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Re: selling produce from gardens

  • Subject: Re: [cg] selling produce from gardens
  • From: Alliums <garlicgrower@snip.net>
  • Date: Fri, 27 Apr 2001 07:35:28 -0400

Soleil wrote:

> We have no site yet, but is it an 
>issue if some CG harvested produce would be sold? 

It shouldn't be.  Anyone who actually knows anything about farming knows
that the profit margins are so slim that if anyone actually makes a Alan
Greenspan recognized profit (after figuring in one's labor, supplies, etc.),
they should be wildly ecouraged to teach everyone else!

>     Personally, one of the reasons I want a CG in our community is to 
>support families in becoming self sufficient and self reliant. Growing one's 
>own food and selling the rest is an excellent way to supplement incomes. A 
>great teaching tool for children as well, if this were to be a school 
>project. Also, I feel it important to support small farmers, the farmer's 
>markets, and sustainable living in general. Community Gardening can do all 
>this, and more. In fact, I think of CGing as a possible springboard for 
>anyone who eventually wants to market garden, just to try it out. 

This paragraph puts it together exactly. Just whip it out if anyone starts
to express "concerns" about so-called "profits in farming."

>     I'm wondering if there needs to be more stringent rules/controls on 
>participants if there is gardening for profit going on in a CG.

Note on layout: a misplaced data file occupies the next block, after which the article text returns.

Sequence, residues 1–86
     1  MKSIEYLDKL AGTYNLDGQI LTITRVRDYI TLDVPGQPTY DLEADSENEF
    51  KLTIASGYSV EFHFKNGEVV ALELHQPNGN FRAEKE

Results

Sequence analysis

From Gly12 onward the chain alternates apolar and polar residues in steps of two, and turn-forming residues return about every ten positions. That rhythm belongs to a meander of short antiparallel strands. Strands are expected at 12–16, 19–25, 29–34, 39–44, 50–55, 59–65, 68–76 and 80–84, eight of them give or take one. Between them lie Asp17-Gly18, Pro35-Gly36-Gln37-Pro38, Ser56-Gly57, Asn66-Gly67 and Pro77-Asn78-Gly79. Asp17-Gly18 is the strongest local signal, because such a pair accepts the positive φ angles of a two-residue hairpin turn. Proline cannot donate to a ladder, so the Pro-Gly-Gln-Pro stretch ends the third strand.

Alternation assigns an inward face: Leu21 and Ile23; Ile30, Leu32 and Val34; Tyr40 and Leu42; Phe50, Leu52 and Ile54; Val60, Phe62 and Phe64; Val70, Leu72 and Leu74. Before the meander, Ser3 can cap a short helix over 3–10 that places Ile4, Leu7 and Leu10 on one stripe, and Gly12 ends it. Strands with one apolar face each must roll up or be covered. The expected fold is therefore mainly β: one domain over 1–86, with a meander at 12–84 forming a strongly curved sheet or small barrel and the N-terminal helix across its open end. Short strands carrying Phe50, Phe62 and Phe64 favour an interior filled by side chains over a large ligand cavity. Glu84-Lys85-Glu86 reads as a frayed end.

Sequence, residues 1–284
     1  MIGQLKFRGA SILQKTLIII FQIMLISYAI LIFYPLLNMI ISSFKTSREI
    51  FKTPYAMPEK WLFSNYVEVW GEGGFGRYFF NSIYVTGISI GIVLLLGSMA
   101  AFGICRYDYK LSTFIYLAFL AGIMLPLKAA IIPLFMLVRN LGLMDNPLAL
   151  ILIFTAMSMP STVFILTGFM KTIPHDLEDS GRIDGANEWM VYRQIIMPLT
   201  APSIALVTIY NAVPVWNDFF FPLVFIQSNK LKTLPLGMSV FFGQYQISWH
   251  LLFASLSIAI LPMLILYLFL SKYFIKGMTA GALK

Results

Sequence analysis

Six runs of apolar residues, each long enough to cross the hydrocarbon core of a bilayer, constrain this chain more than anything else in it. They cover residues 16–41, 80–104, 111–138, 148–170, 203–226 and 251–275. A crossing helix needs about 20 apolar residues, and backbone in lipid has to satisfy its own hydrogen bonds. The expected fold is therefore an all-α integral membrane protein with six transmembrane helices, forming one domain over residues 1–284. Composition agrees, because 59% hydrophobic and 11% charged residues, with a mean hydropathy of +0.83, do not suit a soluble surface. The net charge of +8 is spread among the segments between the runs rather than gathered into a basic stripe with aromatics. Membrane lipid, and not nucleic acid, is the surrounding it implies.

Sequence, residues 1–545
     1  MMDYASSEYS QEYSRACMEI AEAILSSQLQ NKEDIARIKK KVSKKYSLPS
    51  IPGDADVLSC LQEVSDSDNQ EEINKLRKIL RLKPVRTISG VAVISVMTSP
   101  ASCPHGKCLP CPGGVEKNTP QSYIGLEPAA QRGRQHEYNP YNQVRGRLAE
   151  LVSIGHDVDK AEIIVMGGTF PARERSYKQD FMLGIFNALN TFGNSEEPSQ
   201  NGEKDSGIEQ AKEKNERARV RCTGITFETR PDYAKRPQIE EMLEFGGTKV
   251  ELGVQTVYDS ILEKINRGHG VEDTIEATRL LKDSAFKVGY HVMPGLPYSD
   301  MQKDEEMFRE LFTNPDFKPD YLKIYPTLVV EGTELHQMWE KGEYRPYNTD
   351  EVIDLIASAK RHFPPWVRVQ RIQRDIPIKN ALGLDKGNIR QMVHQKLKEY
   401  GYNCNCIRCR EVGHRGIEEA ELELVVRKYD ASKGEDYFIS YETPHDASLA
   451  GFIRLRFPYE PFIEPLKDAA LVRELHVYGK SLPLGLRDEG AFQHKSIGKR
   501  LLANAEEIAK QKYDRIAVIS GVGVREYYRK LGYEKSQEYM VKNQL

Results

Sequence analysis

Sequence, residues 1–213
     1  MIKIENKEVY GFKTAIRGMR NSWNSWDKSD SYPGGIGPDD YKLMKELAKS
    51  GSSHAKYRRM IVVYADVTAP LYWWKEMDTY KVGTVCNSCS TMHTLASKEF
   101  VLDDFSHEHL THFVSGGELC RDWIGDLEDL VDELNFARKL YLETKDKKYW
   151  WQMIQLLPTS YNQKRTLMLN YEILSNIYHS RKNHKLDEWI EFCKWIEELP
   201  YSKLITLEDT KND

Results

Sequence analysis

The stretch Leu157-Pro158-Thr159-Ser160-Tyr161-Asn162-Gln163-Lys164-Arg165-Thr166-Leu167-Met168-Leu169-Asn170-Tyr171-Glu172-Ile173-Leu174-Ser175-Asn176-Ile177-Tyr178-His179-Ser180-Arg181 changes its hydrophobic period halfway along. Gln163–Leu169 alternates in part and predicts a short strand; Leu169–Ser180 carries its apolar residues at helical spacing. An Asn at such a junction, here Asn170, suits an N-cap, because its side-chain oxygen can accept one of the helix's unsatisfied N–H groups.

Absolutely not.  Gardening is hard work -- by golly, if folks stick to it
and actually make money at it, they should be *encouraged*>

>For example, 
>are there problems with theft? 

We've talked about theft on this list -- if your garden is embraced by the
community, theft just doesn't happen as often.

>     Also, what are the specifics? If, say I grew straw flowers in my plot, 
>then used them for crafts which I then sold at a Christmas Bazaar for my own 
>profit, would that count? 

Bother counting.  Ask my Bronze Medal (Best of Division) Harvest Show
gardener about how time-consuming it was to grow her own dried flowers for
crafts -- then actually make the crafts.  It's *work*.

At my community garden, I sell the garlic I produce, plus dried goods --
tomatoes, paprika powder, etc.  I don't come anywhere NEAR making a "profit"
even though I have an excellent product.  Other folks do the dried flowers
for crafts stuff.  Let your gardeners do what they want -- and if anyone
squals about "profits", go through Economies 101 with them.

Dorene Pasekoff, Coordinator
St. John's United Church of Christ Organic Community Garden

A mission of 
St. John's United Church of Christ, 315 Gay Street, Phoenixville, PA  19460


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